We prefer our heroes untarnished. And few match the heroism of Winston Churchill. But a recent report in the Times reminds us of the inevitability of human frailty and the consequences of keeping it under wraps.
During the second world war, Britain’s greatest single loss of life at sea was the sinking on 8 June 1940 of the aircraft carrier HMS Glorious and her escorting destroyers Ardent and Acasta as they returned home from a failed expedition to Norway. There were 40 survivors from 1,559 crewmen.
The official explanation was that Glorious was detached from the safety of the main fleet because she was short of fuel, later supplemented by an improbable suggestion that her captain dashed home in order to hasten the court-martial of one of his officers.
But intrepid sleuthing by Ben Barker, the grandson of Ardent’s captain, suggests another explanation. As part of the planning for Allied intervention in Norway, Churchill, as First Lord of the Admiralty, proposed aerial mining of harbours in neutral Sweden to disrupt exports of iron ore to Germany. The naval staff were doubtful and dragged their heels with planning. When Churchill became prime minister on 10 May 1940, he insisted the plan go forward. Barker argues that Glorious was urgently sent back to port in order to meet the necessary timetable.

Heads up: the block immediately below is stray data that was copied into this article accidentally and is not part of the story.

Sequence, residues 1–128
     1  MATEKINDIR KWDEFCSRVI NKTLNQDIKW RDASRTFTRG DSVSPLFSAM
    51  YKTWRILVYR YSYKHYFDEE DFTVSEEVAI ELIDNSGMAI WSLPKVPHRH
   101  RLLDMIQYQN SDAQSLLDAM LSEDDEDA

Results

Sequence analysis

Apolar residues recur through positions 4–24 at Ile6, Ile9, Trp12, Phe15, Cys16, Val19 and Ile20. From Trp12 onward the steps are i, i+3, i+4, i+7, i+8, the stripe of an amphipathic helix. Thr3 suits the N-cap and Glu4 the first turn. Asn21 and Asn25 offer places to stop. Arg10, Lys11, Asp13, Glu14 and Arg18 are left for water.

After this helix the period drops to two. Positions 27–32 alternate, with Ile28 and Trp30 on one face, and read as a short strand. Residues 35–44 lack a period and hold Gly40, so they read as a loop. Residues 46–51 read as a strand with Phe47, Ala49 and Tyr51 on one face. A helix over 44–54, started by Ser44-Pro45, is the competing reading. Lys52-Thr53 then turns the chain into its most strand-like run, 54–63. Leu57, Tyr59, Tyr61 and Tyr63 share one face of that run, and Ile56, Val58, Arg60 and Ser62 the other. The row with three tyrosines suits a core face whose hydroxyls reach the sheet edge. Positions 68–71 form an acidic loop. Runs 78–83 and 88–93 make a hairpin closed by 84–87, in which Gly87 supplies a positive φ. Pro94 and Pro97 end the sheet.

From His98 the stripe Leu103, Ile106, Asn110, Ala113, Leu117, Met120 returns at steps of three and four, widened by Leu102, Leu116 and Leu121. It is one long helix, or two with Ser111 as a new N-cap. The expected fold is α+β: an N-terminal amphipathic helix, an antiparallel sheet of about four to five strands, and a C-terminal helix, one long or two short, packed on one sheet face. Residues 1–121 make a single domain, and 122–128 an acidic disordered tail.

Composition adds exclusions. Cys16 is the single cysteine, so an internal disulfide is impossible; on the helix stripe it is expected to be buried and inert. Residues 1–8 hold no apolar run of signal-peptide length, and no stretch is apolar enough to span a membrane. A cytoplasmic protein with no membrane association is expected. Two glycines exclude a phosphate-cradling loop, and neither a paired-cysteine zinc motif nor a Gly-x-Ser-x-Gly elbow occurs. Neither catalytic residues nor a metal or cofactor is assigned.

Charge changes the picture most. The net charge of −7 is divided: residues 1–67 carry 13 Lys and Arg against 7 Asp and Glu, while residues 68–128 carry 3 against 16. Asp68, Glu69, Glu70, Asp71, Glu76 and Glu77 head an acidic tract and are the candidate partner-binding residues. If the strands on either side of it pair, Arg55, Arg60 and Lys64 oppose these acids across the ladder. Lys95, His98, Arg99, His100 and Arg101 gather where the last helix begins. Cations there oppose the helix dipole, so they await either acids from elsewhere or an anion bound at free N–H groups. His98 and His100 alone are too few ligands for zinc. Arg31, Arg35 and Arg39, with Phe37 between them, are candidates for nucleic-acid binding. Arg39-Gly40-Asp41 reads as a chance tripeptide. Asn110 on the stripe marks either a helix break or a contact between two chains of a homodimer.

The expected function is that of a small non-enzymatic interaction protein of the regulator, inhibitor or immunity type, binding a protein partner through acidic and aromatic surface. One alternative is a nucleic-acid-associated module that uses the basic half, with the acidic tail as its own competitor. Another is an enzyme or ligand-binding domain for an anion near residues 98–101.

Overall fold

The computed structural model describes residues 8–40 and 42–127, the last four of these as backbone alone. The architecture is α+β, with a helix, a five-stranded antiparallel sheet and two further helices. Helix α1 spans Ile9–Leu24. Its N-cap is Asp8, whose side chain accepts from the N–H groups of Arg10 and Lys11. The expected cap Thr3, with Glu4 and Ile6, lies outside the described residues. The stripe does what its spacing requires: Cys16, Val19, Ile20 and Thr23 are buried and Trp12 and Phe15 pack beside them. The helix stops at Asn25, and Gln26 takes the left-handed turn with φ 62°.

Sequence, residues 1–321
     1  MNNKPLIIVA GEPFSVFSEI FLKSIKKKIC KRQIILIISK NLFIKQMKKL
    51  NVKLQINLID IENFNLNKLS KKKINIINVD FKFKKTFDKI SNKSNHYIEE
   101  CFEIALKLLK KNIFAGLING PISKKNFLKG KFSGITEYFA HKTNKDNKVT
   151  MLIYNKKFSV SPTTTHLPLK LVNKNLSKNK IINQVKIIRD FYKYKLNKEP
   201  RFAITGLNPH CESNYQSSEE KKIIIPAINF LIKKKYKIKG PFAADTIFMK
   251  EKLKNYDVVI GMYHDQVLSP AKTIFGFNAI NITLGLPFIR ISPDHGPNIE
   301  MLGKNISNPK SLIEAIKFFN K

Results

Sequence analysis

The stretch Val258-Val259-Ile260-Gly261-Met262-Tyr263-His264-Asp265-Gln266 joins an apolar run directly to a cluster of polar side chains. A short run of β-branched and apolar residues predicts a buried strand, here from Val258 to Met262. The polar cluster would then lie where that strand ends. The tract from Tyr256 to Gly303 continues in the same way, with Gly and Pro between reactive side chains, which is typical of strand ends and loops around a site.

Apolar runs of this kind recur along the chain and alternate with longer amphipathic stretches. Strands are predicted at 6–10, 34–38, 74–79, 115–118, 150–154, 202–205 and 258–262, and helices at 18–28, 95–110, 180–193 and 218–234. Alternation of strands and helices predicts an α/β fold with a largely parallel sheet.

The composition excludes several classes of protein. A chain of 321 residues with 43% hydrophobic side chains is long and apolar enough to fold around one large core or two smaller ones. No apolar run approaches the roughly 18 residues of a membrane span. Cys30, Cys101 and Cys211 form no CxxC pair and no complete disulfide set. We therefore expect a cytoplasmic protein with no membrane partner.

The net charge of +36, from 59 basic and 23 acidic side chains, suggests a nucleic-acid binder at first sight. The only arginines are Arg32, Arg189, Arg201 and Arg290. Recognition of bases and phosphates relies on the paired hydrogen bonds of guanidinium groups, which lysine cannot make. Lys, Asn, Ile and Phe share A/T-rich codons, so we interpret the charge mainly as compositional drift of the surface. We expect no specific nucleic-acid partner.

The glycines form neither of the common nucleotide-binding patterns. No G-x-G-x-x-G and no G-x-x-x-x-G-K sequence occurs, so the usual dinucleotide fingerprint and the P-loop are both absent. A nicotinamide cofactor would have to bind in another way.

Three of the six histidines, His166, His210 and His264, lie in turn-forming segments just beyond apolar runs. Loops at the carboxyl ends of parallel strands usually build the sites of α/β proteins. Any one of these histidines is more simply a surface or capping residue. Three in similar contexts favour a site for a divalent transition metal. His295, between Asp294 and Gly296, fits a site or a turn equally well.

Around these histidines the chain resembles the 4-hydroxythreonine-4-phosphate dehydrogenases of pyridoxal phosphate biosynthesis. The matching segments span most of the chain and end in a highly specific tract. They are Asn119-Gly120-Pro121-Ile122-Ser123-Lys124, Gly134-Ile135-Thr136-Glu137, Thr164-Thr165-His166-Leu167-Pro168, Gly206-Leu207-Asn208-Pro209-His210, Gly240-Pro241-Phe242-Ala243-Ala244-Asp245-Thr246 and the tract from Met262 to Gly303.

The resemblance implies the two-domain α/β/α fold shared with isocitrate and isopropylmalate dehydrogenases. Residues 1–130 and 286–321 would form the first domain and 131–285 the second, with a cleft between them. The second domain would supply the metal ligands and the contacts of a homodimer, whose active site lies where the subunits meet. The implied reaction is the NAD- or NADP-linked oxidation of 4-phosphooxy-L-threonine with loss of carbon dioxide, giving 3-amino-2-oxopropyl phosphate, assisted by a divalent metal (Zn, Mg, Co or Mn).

He has assembled an impressive body of circumstantial evidence to support his case (it certainly seems more plausible than the official explanation).
And for anyone who has worked in government, the official response to the sinking has a familiar ring.
A Board of Inquiry was held 18 days after the sinkings. But it did not take evidence from the responsible officer, Vice Admiral Air Lionel Wells, the chief of naval aviation and the man who had ordered Glorious home (or indulged her captain in his intemperate zeal for naval discipline, if you prefer). His failure to be scapegoated by the inquiry hardly suggests powerful friends, as he was then sidelined for the rest of the war. It seems rather more indicative of a bureaucracy looking to avoid inconvenient transparency.
War is a rough business and there is little room at the time to make voluntary admissions of error or embarrassment. And who wants to rake these things up afterwards, particularly if they might sound a discordant note in the Churchillian symphony.
But, as Barker points out, this has consequences. Recommendations of posthumous Victoria Crosses for the captains of Ardent and Acasta were rejected, despite their uncompromising, indeed suicidal, gallantry in trying to protect Glorious against the overwhelming firepower of two German battlecruisers.
Narratives are easier when they are tidy and consistent. But we understand a little more if we recognise that commanding figures like Churchill are not immune from error, inglorious blame shifting and ex-post rationalisation. And perhaps some of the responsibility can be taken off the shoulders of dead men.